By Indiewire | Indiewire April 18, 1997 at 2:0AM
by Eugene Hernandez
In an ambitious stunt that underscores the passion and
creativity among emerging filmmakers, a self-proclaimed
"cyber-terrorist" is holding the Internet name to famed indie
producers-rep John Pierson's company, Grainy Pictures, hostage. The
incident, which sounds more like a segment from Pierson's television
show "Split Screen," reveals the lengths to which some are willing to go
to get the attention of people like Pierson, who can help jump start
their film projects as well as their careers.
Out of apparent frustration with John and Janet Pierson's refusal to
read the screenplay for his recently shot film, filmmaker Lee Michaels
registered the Internet domain names "johnpierson.com,"
"grainypictures.com" and "edgyfilms.com" and his holding them for
ransom. In a letter, dated April 4th, Michaels notified the Piersons
that he will not release the Internet names to them until they read his
screenplay and return, by overnight express, a ten question survey
proving their having read it.
On March 26th, following a request by Janet Pierson to register the
"grainypictures.com" Internet domain name, the administrator for the
Pierson's web service provider notified her that the names had been
taken by Michaels a few weeks earlier. Intent on setting up her
company's first website at the <grainypictures.com> domain name, she
sent a letter, dated March 31st, to Lee Michaels Productions. In it she
explained, "As you can see from the letterhead, we're incorporated as
Grainy Pictures and were hoping to set up a website under that name. Of
course, you got there first. Since it's a fairly new registration, we
just thought we'd write to see how committed you are or whether you'd
consider giving up the name to us."
Responding to the Pierson request in his April 4th correspondence,
Michaels wrote: "Dear Mr. & Mrs. Guru...I have taken John Pierson,
Grainy Pictures, and Edgy Films cyber hostage. If you check the net
under of these names, you will find a web page. I guess that makes me a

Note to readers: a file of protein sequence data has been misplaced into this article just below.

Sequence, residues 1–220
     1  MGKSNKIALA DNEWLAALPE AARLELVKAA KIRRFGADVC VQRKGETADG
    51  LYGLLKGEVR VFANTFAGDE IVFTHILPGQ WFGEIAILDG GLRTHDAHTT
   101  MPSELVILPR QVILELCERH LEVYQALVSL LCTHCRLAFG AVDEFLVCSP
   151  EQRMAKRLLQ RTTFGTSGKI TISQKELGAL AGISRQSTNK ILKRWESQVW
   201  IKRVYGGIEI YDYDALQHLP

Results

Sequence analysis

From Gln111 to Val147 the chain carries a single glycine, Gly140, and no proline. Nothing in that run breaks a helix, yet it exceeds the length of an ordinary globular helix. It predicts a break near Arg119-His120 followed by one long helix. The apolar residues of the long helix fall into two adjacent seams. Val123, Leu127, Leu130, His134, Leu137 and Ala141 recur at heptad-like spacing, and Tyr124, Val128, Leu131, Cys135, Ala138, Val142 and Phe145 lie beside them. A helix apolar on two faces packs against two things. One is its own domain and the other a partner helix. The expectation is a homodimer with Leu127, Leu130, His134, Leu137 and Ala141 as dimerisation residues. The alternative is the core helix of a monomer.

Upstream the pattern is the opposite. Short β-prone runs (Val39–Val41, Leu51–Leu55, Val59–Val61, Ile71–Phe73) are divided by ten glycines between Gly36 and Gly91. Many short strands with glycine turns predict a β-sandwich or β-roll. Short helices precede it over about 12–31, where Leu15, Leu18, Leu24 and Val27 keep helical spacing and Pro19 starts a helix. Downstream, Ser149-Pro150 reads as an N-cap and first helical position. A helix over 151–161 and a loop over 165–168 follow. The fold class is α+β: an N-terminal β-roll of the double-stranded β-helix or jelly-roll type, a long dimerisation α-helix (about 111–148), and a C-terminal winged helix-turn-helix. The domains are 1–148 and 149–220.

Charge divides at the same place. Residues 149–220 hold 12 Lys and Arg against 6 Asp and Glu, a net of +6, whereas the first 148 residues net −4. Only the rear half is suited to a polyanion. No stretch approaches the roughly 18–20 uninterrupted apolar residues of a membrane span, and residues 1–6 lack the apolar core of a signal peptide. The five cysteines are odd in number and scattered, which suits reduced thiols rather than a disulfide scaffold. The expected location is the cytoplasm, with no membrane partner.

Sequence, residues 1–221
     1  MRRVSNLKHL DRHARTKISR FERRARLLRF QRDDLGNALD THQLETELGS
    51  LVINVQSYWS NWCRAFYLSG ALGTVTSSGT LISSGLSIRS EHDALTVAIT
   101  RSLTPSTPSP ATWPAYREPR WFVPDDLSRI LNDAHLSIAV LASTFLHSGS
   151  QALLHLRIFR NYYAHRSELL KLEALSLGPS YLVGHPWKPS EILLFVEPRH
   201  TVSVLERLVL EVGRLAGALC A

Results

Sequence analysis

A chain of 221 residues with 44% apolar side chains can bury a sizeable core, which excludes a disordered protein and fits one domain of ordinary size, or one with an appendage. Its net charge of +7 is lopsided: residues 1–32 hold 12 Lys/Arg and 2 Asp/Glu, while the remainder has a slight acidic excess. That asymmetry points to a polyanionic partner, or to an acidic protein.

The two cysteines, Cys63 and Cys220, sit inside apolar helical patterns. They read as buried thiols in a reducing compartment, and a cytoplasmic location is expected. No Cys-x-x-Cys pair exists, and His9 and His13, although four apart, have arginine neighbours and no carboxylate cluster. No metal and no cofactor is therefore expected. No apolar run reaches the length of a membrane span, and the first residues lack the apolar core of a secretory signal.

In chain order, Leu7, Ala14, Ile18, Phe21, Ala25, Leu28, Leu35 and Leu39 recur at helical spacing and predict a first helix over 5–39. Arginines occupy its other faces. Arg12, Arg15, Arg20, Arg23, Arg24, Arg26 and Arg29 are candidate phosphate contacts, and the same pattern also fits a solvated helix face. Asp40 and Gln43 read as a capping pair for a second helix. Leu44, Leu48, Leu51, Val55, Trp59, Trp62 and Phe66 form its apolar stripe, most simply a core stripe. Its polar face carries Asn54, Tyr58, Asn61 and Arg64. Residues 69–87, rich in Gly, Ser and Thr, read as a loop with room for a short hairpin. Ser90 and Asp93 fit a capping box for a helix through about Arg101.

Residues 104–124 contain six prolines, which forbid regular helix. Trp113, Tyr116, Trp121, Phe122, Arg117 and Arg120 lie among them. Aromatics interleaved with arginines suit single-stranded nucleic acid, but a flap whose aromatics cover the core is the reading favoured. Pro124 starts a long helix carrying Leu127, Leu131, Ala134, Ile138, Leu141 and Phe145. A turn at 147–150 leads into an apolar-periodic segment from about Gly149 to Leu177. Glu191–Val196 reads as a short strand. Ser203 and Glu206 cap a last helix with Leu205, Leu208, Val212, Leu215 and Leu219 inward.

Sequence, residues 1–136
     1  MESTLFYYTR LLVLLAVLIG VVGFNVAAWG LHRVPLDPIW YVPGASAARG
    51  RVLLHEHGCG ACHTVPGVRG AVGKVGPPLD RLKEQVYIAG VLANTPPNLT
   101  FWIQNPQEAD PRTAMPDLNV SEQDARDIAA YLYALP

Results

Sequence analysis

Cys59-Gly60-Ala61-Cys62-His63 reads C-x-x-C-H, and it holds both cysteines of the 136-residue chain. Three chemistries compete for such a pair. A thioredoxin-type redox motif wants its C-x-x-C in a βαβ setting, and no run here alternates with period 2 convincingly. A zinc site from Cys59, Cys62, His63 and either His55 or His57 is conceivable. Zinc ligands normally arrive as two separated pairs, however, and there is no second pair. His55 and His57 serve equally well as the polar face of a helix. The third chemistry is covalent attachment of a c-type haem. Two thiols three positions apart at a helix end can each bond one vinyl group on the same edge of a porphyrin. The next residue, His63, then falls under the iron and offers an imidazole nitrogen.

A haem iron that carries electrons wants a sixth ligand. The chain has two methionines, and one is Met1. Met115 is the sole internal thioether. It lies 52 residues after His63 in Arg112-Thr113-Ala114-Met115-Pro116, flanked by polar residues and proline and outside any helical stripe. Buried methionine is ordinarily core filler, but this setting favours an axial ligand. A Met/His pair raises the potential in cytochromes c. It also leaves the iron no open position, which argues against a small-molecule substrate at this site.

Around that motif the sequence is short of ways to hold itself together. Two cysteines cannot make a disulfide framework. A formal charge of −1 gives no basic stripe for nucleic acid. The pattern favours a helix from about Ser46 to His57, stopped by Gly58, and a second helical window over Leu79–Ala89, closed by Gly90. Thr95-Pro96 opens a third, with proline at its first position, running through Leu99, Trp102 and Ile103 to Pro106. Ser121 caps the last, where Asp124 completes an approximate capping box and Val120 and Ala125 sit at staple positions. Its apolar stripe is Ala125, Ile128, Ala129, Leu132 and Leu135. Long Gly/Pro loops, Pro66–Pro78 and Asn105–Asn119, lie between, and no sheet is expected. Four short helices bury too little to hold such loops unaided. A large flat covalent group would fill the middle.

cyber terrorist." A sketch of Pierson tied to a chair is currently
posted at the http://www.grainypictures.com domain name, as well as at
the other site names Michaels registered.
In his April 4th letter, Michaels describes his movie, "Sex And Killing,"
as " a morality lesson disguised as a wacked out example of Venice
Beach. Almost every scene is thought provoking and designed to push
buttons. This film is also very funny." He closes the letter by writing,
"I hope you take my actions as a gesture of creativity and friendship.",
and adds the post-script, "The worst is you hate the script and you have
another wacked out story to tell. The best is you love it, you rep the
film, we go to festivals and prosper."
Clearly, John Pierson seems to have chosen the former option. During a
marketing seminar at the Avignon/New York Film Festival earlier this week, he
read from the letter and related the story to a laughing audience. Indeed,
Pierson tells indieWIRE, he has read the screenplay and that he finds
Michaels' stunt "amusing." Yet, as much as John and Janet Pierson are
impressed with the letters' creativity, they stop well short of
encouraging other filmmakers to go to such lengths to get their
attention. In fact, the Piersons' policy remains consistent -- while
they do not generally read scripts until further along in the process,
they openly accept videotape of filmmakers' work. John Pierson cautions,
however, that the turnaround time on submitted work these days is a bit
longer, now that Grainy Pictures is producing the "Split Screen"
Finally, reacting to Michaels' specific demands, John Pierson reveals
that he and Janet have yet to return the ten question survey. On the one
hand they are mildly disturbed at the fact that it must be returned by
overnight express -- Grainy Pictures relies on the far more economical
U.S. Postal Service (as they recommend all low-budget filmmakers
should). "We are demanding a more amusing 10 question quiz," Pierson
adds, "we refuse to answer this quiz -- its too dull."
In a telephone conversation with indieWIRE yesterday, Lee Michaels'
filmmaking partner, Greg Chamberlain, who concocted the
attention-getting scheme with Michaels, confirmed that they are willing
to consider amending the demand that the survey be returned by overnight
express. In an effort to break the stalemate, they will likely accept
its return by post or even electronic mail. Chamberlain added that he
and Michaels, who is out of town and unavailable for comment, created
the stunt "totally just for fun and not to offend [the Piersons]